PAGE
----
Africa Should Remove Barriers to Trade to Maximise Economic Growth
It is, as the saying goes, an interesting time to be in Africa. According to a recent report by the management consultants McKinsey and Company, the continent's Gross Domestic Product (GDP) is set to grow from $1.6 trillion (R13 trillion) - roughly the same as Brazil or Russia) to $2.6 trillion (larger than the United Kingdom and slightly smaller than France).
By the end of this decade, Africa will have 128 million households with discretionary incomes to spend on consumer products. The amount they will spend on such products is estimated to grow from over $860 billion today to $1.4 trillion by 2020. The question is: how are well-positioned regional trade blocs like the Southern African Development Community (SADC) to take advantage of emerging growth patterns?
In order to lift its people out of poverty, the African continent needs sustained high levels of growth. To grow and prosper, we must increasingly trade with one another, to mutual benefit, and to do this our governments must both facilitate and remove barriers to trade. However, inter-African trade is a mere 4 percent of our overall quantum, a dismal colonial pattern that our governments, with one or two exceptions, have failed to reverse.
We have also failed to invest in infrastructure and in a continent-wide logistical architecture. South Africa, for example, has accrued an infrastructure backlog of R1.5 trillion over the past 15 years. The impact of this on logistics is monumental. Without adequate rail infrastructure, goods increasingly have to be transported by road, resulting in costs being held hostage to increased fuel and administration prices. The global norm is that transport contributes 40 percent to logistics costs. In South Africa it is 53.2 percent. At this rate, we are pricing ourselves out of the market.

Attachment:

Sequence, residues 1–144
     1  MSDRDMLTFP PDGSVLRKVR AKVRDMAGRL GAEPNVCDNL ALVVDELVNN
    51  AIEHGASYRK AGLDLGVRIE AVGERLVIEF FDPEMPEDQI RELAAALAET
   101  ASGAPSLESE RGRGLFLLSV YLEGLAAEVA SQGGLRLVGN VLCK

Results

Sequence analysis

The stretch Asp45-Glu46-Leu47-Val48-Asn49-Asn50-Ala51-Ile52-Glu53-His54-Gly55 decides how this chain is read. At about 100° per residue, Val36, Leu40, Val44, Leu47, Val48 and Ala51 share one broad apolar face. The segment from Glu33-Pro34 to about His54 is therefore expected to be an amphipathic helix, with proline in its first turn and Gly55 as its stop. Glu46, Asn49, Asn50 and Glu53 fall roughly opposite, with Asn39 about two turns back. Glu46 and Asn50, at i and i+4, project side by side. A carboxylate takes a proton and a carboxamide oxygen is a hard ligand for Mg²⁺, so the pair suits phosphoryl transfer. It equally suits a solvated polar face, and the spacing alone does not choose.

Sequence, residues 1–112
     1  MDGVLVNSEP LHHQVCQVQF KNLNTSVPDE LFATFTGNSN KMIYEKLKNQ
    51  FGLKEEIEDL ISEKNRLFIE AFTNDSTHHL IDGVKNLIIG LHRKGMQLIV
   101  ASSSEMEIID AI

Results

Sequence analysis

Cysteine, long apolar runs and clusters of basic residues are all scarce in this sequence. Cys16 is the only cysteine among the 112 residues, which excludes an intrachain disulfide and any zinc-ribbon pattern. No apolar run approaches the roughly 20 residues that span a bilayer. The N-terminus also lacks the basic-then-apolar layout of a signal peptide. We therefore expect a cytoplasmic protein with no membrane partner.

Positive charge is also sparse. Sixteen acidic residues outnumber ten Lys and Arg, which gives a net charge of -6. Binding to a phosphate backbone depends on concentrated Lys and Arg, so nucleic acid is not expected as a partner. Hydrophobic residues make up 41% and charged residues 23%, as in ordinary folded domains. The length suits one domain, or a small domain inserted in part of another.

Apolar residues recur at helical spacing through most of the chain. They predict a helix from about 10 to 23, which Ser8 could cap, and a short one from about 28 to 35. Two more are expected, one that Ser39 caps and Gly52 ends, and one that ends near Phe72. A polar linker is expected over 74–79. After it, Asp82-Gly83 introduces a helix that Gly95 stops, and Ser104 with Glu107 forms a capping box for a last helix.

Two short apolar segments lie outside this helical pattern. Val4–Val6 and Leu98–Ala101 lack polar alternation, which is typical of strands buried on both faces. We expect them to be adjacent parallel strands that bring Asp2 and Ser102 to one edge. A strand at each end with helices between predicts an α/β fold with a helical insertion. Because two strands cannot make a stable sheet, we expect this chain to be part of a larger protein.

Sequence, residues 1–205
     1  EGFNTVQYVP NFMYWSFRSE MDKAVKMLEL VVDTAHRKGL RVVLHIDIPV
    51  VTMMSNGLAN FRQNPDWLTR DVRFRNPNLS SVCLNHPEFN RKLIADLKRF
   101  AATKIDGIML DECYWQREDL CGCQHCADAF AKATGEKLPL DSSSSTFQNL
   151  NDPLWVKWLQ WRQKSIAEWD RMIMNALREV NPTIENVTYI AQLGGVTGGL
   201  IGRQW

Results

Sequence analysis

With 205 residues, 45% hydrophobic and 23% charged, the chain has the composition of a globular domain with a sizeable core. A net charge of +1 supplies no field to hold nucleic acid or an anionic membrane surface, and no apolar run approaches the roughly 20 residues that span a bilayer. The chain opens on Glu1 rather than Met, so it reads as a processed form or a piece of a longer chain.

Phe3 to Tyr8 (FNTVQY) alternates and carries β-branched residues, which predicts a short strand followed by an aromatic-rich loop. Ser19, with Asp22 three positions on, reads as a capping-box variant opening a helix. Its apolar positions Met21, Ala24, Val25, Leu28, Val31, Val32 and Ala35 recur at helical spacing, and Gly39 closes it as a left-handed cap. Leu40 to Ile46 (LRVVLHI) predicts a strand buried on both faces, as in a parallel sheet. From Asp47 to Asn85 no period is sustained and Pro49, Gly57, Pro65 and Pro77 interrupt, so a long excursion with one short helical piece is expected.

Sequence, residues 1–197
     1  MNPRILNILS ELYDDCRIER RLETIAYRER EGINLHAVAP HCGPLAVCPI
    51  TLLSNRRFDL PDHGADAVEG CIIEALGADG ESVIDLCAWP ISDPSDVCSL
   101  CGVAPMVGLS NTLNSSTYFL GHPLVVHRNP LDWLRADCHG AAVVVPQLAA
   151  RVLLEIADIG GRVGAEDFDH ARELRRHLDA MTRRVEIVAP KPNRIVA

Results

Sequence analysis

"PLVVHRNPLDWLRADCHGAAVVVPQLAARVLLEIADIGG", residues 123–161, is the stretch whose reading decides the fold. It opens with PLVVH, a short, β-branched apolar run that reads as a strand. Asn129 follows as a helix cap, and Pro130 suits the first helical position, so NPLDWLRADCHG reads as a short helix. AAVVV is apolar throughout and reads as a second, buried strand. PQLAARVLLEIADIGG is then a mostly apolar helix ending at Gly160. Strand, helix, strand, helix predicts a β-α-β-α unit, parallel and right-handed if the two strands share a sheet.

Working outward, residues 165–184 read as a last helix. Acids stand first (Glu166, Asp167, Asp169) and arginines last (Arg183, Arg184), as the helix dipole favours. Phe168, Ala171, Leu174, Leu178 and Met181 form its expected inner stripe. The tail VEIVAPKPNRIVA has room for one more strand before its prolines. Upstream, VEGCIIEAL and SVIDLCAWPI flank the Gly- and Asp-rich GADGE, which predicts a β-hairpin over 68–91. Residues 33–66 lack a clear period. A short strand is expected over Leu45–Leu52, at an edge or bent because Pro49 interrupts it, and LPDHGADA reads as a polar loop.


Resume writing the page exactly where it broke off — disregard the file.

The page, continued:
What is to be done?
Beyond more assertive and focused national efforts, a regional approach is required. At the SADC Parliamentary Forum meeting held in Maputo from July 9-12 we discussed the creation of a vigorous regional parliament which would help to advance the cause of regional integration, development and growth. What is required is that the 14 SADC member governments: (1) Radically simplify the procedures required to export and import goods and services. (2) Push to increase infrastructure investment to 10 percent of GDP to deal with backlogs. (3) Eliminate wasteful expenditure through tighter fiscal governance.
The DA's 8 percent growth and jobs plan includes the following proposals which the SADC would do well to support:
l Increase infrastructure investment. Press governments to meet the benchmark of spending 10 percent of GDP on infrastructure. By building and maintaining the vital infrastructure on which an economy depends (such as roads, rail, ports, pipelines, hospitals and schools) these investments will lay the foundation for future growth. A combination of state, privatisation proceeds and private capital investments should be secured to finance infrastructure development.
l Renew the freight rail fleet. Initiate a process of renewing countries' entire freight rail fleets to expand capacity and enhance the efficiency, reliability and competitiveness of transporting goods around the country and to trading partners. …